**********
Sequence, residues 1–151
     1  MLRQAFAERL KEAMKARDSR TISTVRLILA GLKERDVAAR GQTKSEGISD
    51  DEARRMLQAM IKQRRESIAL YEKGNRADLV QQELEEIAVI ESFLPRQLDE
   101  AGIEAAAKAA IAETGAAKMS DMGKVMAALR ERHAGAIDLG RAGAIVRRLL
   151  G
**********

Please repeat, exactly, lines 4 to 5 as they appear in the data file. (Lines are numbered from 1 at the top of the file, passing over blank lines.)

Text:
   101  AGIEAAAKAA IAETGAAKMS DMGKVMAALR ERHAGAIDLG RAGAIVRRLL
   151  G